England

Why my first backpacking trip got off to an awful start

I was running around the Heathrow airport with my 80L backpack looking for anyone who could help me. My debit card and my credit card weren’t working and I had brought no cash to exchange. My American phone didn’t work abroad so I tried using payphones to call home, the bank, anyone. What if I tried to reverse the charges? What if I called the toll-free numbers? Nothing. There was nothing around but an exchange office, so I went to the woman working there and asked her what she thought I should do. The first thing she said was, “You came alone?”

The trip of a lifetime was finally happening, and I wanted more than anything just to go home.

Let’s backtrack. The night before my trip, a bunch of friends had come over to drink and say goodbye. I should have been happy, I should have been ecstatic, but instead I felt deflated. For months, I had been beyond excited. Now that the time was coming to actually leave, I was wondering if I knew what the hell I was doing.

“You’re traveling alone?” (Yep.) “You’ll be gone for 3 months?” (Yep.) “Have you ever done this before?” (No.) “Have you ever left the country before?” (No.) “Have you ever taken a bus before?” (…No.)

“Aren’t you scared?” I hadn’t been, but hearing this over and over had slowly started to terrify me. Should I be?

“Aren’t you worried you’ll get taken?” No…wait, what?

So at this party I started telling people I didn’t want to go. I was going to cut the trip early.

I tossed and turned the whole night. The next day, I went to the bank and told them that I would be traveling abroad and wanted to make sure my cards would work. I had a great conversation with the woman that worked there, and in hindsight I’m wondering if she had been too distracted to actually put the travel note on my debit card. “Call your Visa, just in case.” I did.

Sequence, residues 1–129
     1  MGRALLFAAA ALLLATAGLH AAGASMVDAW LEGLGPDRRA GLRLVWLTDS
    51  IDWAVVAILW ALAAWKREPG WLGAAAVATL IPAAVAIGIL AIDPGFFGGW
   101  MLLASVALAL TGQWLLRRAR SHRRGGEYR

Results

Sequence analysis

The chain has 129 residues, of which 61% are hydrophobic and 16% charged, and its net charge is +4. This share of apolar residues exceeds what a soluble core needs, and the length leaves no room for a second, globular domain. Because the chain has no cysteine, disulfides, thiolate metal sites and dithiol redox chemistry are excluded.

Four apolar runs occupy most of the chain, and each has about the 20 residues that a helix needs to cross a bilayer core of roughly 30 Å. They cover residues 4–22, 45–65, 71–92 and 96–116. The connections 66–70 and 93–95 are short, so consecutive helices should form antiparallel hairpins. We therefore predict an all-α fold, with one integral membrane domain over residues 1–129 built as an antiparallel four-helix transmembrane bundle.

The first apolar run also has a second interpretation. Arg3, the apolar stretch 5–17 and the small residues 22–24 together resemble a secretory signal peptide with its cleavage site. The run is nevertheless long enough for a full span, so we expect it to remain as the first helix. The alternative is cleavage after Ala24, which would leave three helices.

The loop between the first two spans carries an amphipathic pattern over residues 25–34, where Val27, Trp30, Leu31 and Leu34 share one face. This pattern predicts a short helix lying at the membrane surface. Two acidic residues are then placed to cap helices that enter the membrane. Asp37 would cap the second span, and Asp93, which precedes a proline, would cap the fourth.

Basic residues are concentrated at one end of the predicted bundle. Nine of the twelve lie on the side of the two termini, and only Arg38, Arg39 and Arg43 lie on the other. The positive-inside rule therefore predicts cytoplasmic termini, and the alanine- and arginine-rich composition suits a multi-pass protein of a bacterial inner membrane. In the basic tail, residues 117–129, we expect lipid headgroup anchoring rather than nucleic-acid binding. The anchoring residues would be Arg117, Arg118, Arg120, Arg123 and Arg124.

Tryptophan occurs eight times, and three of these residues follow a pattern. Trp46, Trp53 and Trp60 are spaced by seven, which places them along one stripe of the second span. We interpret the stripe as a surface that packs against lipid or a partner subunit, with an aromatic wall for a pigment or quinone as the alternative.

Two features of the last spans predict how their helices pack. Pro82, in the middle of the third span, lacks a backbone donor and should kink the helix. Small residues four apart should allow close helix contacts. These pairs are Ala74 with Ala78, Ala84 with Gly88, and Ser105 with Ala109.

I came home and my crazy landlord came over to scream at me and threaten eviction because he was an angry little short man with no other outlet for his rage. Then my dad called and said we had to leave immediately, more than an hour earlier than planned. I hadn’t packed at all. I threw a bunch of random shit in my backpack and ran out the door. We got on the highway–24 to 78, then followed the signs for the Newark Airport departures. I realized that I hadn’t even pictured this part of the journey. Whenever I had been planning the trip, I had already imagined myself as a well-seasoned traveler in Europe, never thinking of how long it would take me to get to that point.

I made a list of the things I had forgotten.

We said a hurried goodbye and I made my way over to the gate. I sat in the same chair for three hours, as the sun began to set and the waiting area filled with groups of families and friends speaking in lilted British accents. I became of how alone I was. I texted the boy I had been talking to, and he never responded.